Wind Sculpted Formation at Spirit Sands

During a hike on Spirit Sands with my dear friend Chris Scholl, we came upon this beautifully sculpted arch on the upslope of a dune. We’d had variable winds, that is, winds from directions other than the prevailing northwesterlies, which may have accounted for this small miracle in sand.

Assessment Roll Information for Negrych Farm 1901-1930

If there was one site I visited this summer that left me in awe of how our ancestors lived and survived on the harsh prairie, it was the Negrych Homestead north of Gilbert Plains. Its ten original log buildings date from the late 1890s when the family arrived there, most of them in Ukrainian vernacular style. Each building houses materials the family improvised and used for decades. This assessment roll information traces the family’s assets for thirty years from 1901 until 1930. Click on the picture to enlarge.

Old Headstone in Wawanesa Cemetery 

Humble and plain, corroding against the weather and the years, this little stone caught my camera’s eye in the cemetery at Wawanesa. What story could this stone tell?

Gathering of the Clans Picture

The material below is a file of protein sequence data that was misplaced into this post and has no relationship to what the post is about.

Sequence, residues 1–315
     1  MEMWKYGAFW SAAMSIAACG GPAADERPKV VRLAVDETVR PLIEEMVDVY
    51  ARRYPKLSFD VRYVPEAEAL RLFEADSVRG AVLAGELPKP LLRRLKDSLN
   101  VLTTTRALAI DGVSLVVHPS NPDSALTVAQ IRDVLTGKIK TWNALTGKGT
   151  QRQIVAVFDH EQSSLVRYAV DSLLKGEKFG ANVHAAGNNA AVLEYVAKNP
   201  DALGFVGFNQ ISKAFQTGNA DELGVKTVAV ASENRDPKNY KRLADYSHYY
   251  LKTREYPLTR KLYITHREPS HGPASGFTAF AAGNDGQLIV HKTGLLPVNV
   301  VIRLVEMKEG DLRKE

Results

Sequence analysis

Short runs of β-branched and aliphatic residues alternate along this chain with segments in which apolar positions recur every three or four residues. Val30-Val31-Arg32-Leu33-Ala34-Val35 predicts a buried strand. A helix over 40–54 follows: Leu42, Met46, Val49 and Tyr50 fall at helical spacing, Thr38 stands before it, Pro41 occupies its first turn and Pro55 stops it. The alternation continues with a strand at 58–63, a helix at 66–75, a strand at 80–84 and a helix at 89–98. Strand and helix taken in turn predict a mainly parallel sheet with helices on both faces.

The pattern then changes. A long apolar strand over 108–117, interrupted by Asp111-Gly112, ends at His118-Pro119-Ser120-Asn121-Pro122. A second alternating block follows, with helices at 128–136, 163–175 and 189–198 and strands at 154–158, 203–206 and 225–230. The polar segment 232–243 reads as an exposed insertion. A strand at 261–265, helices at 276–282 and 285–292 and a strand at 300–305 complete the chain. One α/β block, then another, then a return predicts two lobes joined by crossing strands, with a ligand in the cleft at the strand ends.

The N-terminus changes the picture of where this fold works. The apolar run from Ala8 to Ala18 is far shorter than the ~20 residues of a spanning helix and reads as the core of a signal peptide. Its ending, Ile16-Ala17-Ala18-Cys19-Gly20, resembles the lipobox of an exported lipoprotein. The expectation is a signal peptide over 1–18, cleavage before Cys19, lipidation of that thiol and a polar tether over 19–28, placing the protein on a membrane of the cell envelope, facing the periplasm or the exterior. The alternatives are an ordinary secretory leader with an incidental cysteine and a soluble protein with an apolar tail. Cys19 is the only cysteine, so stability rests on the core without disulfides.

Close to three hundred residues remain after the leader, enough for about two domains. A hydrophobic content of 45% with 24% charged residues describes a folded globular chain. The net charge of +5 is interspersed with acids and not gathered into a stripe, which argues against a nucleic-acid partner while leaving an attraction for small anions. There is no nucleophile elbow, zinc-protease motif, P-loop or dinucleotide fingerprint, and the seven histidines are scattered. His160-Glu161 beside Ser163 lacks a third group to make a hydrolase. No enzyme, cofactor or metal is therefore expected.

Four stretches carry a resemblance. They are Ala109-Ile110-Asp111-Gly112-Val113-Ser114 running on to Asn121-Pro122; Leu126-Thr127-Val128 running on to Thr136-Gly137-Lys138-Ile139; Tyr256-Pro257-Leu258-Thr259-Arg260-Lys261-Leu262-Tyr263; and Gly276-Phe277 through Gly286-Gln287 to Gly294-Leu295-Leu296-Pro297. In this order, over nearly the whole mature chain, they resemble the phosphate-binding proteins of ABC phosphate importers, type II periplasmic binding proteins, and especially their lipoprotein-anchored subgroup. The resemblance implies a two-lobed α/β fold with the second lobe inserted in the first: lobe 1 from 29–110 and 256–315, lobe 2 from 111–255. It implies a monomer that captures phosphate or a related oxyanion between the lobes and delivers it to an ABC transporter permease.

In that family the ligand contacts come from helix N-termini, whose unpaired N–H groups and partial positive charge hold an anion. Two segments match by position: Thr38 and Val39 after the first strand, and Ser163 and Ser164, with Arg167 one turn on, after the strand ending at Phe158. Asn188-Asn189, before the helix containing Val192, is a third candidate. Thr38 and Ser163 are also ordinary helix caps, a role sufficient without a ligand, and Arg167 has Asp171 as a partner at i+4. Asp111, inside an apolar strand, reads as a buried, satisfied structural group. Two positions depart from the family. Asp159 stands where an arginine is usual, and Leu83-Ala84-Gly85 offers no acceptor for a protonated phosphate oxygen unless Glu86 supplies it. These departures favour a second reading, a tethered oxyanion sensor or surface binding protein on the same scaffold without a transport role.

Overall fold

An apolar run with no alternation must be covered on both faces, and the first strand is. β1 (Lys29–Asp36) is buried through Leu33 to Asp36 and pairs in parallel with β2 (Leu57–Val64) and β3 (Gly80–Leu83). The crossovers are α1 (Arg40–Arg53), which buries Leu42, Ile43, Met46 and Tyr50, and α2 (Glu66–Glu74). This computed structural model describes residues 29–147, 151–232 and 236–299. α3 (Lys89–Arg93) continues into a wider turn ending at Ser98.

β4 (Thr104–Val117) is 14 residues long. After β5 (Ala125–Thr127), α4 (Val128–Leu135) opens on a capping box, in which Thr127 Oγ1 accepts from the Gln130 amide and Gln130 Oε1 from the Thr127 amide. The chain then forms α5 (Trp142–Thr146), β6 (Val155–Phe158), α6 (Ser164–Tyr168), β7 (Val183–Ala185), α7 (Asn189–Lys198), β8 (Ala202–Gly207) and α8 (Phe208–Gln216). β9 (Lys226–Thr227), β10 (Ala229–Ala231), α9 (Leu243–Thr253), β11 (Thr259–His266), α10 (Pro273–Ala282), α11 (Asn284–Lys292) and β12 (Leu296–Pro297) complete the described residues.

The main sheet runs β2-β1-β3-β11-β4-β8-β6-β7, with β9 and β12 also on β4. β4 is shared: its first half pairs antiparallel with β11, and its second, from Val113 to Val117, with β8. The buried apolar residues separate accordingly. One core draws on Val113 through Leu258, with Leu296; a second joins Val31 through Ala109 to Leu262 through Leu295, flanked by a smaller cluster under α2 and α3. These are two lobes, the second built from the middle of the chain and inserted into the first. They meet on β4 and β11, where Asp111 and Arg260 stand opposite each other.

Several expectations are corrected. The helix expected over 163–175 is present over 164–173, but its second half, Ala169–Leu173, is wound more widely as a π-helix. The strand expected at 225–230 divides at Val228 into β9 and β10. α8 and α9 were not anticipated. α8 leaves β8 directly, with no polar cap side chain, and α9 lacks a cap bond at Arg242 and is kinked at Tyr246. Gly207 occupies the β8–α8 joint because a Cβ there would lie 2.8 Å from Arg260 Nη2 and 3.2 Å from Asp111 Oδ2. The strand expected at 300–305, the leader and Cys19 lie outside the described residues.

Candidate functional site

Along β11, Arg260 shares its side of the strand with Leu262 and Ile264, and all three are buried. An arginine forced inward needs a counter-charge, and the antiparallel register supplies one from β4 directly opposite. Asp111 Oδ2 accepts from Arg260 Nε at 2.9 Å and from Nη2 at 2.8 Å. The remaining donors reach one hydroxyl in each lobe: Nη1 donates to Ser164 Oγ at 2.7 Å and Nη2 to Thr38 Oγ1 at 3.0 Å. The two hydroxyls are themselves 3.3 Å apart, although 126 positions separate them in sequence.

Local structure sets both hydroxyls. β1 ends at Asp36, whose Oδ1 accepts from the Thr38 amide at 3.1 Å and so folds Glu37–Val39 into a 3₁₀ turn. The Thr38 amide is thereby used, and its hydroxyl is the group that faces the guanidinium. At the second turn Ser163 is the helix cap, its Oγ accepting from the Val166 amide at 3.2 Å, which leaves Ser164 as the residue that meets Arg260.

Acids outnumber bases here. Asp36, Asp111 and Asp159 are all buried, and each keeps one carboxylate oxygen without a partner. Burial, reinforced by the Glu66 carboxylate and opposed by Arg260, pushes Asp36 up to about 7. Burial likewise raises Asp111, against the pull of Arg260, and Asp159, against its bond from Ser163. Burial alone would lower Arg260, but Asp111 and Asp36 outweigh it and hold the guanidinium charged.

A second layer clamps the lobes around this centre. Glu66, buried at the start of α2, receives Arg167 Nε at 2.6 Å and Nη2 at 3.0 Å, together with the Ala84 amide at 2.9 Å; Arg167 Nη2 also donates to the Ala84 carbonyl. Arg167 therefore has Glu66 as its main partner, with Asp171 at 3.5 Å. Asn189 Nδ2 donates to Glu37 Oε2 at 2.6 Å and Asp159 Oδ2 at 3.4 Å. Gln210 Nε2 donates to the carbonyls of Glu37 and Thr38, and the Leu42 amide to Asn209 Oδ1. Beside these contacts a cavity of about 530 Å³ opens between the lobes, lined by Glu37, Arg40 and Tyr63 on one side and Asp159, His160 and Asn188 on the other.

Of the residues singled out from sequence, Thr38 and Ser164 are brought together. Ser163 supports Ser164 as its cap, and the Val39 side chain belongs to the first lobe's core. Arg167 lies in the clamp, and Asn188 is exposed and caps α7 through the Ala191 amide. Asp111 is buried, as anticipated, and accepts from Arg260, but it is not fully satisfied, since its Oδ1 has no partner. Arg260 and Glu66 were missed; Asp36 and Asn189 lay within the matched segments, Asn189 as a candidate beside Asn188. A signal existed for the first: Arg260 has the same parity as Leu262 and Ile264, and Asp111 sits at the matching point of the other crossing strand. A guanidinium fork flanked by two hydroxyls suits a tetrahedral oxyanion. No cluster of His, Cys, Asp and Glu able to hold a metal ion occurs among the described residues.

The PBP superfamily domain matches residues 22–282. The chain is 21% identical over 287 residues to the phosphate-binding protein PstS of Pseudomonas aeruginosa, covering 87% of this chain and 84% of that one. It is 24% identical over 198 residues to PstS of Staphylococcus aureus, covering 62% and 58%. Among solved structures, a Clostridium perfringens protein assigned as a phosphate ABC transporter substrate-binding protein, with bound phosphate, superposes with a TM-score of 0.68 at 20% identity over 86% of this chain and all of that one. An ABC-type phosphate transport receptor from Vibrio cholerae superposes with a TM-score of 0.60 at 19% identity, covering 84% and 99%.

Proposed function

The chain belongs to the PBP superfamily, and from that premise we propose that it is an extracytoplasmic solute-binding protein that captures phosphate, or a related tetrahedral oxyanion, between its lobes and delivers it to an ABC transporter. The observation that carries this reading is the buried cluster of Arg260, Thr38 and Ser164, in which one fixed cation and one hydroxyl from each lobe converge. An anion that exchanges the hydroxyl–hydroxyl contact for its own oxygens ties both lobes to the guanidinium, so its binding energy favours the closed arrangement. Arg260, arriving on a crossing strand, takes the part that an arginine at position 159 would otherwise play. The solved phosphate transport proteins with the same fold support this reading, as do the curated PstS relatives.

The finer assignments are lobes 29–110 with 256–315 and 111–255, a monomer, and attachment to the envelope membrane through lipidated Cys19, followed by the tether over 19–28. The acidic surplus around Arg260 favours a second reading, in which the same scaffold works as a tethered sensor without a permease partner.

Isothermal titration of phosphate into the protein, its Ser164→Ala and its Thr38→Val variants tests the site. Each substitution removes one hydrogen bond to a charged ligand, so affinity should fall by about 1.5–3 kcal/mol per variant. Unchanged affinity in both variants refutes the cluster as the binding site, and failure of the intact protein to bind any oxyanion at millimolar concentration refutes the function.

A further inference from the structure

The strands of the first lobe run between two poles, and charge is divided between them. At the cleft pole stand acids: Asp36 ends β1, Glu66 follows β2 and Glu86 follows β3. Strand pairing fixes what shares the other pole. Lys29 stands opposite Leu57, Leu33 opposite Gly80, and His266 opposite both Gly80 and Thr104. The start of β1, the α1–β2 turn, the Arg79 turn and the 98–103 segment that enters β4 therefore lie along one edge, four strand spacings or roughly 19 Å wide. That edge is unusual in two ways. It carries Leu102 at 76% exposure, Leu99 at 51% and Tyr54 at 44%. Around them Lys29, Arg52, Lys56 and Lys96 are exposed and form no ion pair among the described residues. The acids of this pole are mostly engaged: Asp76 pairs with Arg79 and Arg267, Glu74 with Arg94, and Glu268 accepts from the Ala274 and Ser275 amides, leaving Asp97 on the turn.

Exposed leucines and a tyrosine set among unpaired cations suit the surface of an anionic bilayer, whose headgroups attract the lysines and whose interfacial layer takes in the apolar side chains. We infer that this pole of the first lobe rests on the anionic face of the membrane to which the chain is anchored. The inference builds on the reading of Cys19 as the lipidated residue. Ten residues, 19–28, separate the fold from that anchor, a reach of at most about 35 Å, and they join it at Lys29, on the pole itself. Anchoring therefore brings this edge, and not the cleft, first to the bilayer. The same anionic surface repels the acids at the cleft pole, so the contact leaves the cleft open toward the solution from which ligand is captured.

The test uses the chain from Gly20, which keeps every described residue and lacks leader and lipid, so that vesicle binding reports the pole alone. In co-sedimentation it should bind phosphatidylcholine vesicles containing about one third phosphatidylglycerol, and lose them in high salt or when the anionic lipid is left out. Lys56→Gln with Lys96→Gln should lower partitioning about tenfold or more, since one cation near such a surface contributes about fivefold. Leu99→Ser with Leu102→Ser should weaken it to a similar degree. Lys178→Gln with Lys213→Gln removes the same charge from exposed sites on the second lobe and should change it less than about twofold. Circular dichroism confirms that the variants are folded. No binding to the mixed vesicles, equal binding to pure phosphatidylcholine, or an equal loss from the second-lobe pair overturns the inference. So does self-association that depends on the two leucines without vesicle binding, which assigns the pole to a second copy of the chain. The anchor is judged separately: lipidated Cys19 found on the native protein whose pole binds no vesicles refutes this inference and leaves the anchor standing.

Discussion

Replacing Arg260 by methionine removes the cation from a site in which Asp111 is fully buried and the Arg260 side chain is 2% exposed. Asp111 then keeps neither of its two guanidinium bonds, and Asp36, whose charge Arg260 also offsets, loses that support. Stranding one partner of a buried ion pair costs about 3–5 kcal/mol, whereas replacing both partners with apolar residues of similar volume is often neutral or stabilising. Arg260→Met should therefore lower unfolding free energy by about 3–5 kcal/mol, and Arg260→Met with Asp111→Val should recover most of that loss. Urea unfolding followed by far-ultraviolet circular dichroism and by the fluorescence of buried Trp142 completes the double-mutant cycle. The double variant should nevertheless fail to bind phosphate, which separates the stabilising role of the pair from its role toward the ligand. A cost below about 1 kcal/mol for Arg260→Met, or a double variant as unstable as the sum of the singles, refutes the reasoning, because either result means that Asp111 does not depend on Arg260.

Being a full-blood Scotsman, this nicely framed illustration of the Gathering of the Clans had special meaning when I discovered it in one of the buildings at the Fort la Reine Museum in Portage la Prairie. Click pic to see entire image.

Herald Angels at Immaculate Conception, Cook’s Creek 

This isn’t my photograph. My friend Kevin Uddenberg took this picture using his smart phone which has HDR (High Dynamic Range) technology. The quality of the colours and the definition of the images is almost three-dimensional. By contrast look at the inset which is my picture of the same angels taken on the same day and time as Kevin’s picture.  The difference is obvious and substantial.

The Hemp’s as High as an Elephant’s Eye and… 

Rewilding W. C. Fields for smartass purposes with bashful aplomb. During my summer travels, I noticed that the only area of the province that concentrated on growing hemp in any quantity is north of Riding Mountain around Dauphin. This verdant crop you see was growing directly behind my hotel and stretched for acres to the horizon. Besides being easy to grow and low maintenance chemicalwise, there is another sound reason why so much hemp is grown in the area: the Parkland Industrial Hemp Growers Coop is headquartered in Dauphin.

The Staircase That Killed Percy Criddle